Thus far, Diamond is the only manufacturer to take Jet-A fueled aircraft diesels seriously, but Tecnam has also entered the fray with the new P2010 TDI with a Continental CD170 engine. It has appeared in the U.S. at AirVenture, but this year it also popped up at Sun ‘n Fun. AVweb interviewed Dave Copeland to find out more about it.
Home Multimedia Tecnam’s P2010TDI Sun ‘n Fun Debut
The big question has to be maintenance on that engine. Diamond dumped the Thielert version and made their own for a reason. Still, in the US, is anyone buying the diesel Star? Rumor has it Twin Star owners all look to swap.
Given Chinese ownership of Diamond, this plane might be the best in class available now. But would a U.S. buyer be foolish to go Jet A?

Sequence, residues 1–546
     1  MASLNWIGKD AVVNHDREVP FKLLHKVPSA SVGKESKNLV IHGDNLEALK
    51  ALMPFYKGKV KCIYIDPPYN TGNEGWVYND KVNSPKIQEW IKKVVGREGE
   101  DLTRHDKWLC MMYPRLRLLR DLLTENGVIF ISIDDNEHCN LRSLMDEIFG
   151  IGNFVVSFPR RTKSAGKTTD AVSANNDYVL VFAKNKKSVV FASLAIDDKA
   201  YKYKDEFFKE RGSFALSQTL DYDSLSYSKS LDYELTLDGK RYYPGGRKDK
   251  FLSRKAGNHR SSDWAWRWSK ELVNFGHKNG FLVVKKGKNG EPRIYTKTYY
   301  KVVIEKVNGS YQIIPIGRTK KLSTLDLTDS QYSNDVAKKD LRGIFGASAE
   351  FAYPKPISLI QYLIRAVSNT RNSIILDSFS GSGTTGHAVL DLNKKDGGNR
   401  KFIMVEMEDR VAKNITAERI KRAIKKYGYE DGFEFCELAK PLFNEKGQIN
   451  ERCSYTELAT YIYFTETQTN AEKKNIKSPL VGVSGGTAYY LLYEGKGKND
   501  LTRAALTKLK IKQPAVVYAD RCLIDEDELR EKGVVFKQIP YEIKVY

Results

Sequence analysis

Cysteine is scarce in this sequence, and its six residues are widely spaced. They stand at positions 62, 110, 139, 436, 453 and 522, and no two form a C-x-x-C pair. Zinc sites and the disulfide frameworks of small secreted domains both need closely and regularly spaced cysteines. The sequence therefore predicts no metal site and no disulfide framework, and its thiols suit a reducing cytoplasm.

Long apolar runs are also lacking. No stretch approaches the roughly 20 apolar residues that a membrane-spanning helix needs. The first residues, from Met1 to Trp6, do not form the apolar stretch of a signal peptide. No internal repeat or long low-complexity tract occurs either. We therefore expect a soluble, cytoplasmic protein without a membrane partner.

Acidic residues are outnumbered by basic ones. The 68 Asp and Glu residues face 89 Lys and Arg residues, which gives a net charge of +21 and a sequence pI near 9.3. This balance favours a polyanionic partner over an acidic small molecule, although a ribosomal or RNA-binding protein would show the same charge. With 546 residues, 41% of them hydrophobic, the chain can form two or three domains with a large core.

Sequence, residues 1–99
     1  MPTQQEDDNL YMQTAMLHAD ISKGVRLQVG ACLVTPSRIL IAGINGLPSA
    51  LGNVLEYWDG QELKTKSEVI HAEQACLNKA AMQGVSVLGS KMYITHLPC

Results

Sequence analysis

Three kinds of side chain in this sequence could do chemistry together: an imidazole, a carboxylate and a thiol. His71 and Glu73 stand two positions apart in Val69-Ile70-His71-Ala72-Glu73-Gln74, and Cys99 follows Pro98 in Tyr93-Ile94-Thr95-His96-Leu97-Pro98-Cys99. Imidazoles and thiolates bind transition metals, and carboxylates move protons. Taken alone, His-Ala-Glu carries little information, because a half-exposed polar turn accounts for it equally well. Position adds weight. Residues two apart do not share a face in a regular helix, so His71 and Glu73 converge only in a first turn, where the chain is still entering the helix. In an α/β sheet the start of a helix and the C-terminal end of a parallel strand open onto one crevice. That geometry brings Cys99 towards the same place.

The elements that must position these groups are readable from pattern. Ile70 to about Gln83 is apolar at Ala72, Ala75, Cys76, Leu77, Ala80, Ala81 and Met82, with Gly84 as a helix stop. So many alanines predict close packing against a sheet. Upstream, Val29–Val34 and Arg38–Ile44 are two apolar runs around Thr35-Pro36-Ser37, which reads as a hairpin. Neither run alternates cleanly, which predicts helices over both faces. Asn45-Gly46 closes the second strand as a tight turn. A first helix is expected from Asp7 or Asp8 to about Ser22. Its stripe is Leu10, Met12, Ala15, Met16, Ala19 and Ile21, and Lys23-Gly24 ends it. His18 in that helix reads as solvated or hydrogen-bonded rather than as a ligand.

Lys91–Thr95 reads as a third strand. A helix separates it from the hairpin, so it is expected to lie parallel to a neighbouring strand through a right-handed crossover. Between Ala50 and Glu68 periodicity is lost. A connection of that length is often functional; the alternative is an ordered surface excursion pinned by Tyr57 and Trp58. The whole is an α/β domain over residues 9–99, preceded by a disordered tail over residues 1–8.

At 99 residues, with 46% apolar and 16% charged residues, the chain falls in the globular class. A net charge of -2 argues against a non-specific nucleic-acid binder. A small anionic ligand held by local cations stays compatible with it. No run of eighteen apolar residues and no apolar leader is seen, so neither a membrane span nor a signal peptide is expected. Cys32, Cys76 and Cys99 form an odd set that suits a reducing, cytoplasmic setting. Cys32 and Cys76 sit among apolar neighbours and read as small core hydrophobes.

Flight schools won’t change from what they are doing ever if they can avoid it. Between the FAA, airlines, the existing fleet, and the need to spend money training A&P’s it’s not easy to risk change. But the fuel burn would seem to be a big draw.
DA42 owner here – the Thielert engines are now made by Continental (CD-135/155), and they work great on Twin Stars, easily crusing at less than 5 gal/hr per side flying economy settings. We have no reason to change to Diamond’s Austro engines. No idea why you say it’s foolish to go Jet A or why flight schools would have a problem with that.
I didn’t say it was foolish, I asked.
Are you operating in the US?
FADEC, FADEC, FADEC. 4 Passengers, no lead fouled plugs/valves, universally accessible fuel with no airport restrictions, modern avionics full IFR, burning 5 gal/hr less than and ½ price of a Cirrus. If Tecnam can churn them out, it will capture the private plane market; the 190 engine the new build Experimental Market if Continental will sell it to EA. I Paid $40K for my Thunderbolt 390; would have gladly spent $65K on a 190, as it would simplify my build and ownership.